May is SKIN CANCER AWARENESS MONTH- Q & A with Kristin Scord, PA-C

Medical Dermatology & Dermatologic Surgery

Why Are Skin Exams Important?
Skin cancer is one of the most common cancers worldwide.
Melanoma is one of the most dangerous cancer types, leading to thousands of deaths per year.
Skin exams are key in catching skin cancers and intervening early!
How Often Should This Be Done?
As a general rule of thumb, for all adults, skin cancer screenings/exams should be done annually.
-If you have a history of non-melanoma skin cancer (such as Basal Cell Carcinoma or Squamous Cell Carcinoma) or atypical nevi, this should be done every 6 months.
-If you have a history of melanoma, in general, this should be done every 3 months for 5 years after your diagnosis. Your dermatologist will help make the recommendation based on your exam and history.

How Should I Prepare?

Make note of any concerning lesions that you want to specifically address
Ideally, remove any nail polish and if possible, don’t wear makeup
Note that most skin exams are relatively brief, and your undergarments can be worn if you prefer
Exams can be done lying down, sitting, or standing if needed
Treatment plans moving forward would be based on your personal history, the current exam, and any biopsies or treatments that were needed
How Do I Know If My Moles Are Concerning?
The Skin Cancer Foundation at and the CDC have excellent guides for what to look for that typically follows the A-B-C-D-E guideline referring to Asymmetry, Border, Color, Diameter, and Evolution of a mole. This is a great tool to help you identify concerning lesions.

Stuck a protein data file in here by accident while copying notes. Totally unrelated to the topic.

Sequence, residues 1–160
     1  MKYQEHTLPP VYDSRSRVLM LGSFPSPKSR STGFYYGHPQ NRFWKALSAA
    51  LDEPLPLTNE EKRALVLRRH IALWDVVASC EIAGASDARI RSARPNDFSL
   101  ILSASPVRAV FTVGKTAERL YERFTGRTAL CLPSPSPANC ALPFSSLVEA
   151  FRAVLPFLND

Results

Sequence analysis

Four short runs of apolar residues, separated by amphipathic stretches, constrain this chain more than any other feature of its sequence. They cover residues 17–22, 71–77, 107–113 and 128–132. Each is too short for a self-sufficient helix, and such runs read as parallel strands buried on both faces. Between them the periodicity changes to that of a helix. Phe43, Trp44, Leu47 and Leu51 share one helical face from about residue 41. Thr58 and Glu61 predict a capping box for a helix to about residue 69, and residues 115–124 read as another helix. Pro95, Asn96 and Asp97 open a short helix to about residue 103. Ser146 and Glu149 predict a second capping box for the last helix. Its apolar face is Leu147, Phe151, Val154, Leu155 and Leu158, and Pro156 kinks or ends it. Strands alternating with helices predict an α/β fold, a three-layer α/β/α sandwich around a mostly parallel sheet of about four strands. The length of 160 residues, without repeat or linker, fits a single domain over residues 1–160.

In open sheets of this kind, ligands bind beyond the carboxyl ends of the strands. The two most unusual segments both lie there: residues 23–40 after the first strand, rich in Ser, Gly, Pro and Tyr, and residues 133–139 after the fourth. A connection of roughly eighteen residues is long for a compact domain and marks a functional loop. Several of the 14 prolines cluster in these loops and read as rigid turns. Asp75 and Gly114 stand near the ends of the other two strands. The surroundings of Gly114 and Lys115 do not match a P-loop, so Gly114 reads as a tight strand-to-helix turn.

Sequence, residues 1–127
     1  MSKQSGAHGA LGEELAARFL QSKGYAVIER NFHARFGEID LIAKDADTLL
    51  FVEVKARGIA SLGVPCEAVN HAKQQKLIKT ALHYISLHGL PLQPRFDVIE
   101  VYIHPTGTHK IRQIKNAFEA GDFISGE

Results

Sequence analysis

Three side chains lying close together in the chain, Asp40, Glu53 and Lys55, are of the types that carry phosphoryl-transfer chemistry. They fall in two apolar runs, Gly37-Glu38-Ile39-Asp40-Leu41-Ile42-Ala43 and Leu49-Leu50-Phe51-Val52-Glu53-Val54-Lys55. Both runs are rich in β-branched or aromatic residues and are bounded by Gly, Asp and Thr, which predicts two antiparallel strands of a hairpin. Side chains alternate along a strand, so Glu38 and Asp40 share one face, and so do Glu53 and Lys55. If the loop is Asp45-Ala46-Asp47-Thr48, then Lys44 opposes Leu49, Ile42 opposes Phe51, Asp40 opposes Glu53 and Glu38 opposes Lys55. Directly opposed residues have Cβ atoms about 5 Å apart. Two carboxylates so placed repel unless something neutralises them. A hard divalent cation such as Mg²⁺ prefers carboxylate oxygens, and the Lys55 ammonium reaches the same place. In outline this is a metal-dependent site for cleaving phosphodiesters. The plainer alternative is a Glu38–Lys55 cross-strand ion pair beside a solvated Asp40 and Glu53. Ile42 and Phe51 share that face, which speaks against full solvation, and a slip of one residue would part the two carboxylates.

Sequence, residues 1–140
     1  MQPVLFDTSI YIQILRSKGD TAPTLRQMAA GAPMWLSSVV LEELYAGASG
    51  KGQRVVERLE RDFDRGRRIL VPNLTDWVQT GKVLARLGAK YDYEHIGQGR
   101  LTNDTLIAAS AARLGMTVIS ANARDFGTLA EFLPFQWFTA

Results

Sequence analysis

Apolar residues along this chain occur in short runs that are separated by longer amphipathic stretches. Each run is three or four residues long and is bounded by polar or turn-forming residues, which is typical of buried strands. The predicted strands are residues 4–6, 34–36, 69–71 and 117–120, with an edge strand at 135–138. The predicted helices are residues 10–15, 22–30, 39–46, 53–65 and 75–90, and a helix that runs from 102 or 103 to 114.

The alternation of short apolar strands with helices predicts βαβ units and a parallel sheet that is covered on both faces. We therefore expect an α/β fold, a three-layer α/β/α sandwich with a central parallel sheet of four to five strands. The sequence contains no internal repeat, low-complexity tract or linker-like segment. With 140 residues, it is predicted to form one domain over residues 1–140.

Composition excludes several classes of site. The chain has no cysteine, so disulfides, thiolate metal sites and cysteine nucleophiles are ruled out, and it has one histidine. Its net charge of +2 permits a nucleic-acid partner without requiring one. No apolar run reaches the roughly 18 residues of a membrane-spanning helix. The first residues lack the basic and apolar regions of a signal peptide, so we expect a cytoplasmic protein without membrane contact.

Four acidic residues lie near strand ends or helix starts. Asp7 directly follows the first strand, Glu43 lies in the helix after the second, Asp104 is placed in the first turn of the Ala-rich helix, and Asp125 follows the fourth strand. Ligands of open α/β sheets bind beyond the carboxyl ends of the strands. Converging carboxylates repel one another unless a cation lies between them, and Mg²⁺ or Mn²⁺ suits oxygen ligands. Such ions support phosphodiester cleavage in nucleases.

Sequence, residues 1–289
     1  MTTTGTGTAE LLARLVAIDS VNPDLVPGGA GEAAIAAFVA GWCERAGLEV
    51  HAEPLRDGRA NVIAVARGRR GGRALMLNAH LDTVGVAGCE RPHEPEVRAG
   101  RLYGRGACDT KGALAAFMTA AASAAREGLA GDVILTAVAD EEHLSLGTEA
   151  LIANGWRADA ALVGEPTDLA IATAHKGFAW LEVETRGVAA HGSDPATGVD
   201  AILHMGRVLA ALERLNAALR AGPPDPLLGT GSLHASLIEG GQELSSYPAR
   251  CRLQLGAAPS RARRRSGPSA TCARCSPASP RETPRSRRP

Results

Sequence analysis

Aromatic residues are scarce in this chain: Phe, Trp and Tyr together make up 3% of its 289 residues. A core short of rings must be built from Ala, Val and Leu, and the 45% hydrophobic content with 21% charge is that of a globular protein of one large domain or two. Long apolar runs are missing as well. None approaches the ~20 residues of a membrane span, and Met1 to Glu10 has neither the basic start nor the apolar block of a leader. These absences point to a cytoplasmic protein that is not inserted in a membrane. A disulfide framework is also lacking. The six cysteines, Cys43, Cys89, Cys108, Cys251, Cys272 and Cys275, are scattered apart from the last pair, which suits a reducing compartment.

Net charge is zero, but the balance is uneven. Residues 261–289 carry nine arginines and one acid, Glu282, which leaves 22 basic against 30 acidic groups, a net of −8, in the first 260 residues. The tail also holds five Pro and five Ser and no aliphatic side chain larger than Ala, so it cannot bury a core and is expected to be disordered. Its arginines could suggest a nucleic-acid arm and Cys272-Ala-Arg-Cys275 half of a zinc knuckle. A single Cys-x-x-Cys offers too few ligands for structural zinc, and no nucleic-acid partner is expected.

Here at NBDPS, we additionally have Fotofinder, a confidential whole-body imaging series to help track moles and changes! Over time, these high-resolution photos give your provider the ability to compare your moles digitally with digital photos from your initial visit, and immediately identify new moles or changes to existing moles on your body. This is highly recommended in individuals who have multiple moles (more than 50), a history of skin cancer in your family, already had a melanoma, have large moles (more than 2 inches in diameter), or have a history of severe blistering sunburns. We have detected numerous very small, very early melanomas based on this non-invasive imaging information.
How Can I Protect Myself?
Sun-protective measures are important–wearing hats, sun-protective clothing, and daily sunscreen use. Ideally, sunscreen should be SPF 35+ with a mineral base of titanium dioxide and/or zinc oxide. Your provider might recommend protective supplements like Heliocare as well if you have high sun exposure due to occupation or hobbies.

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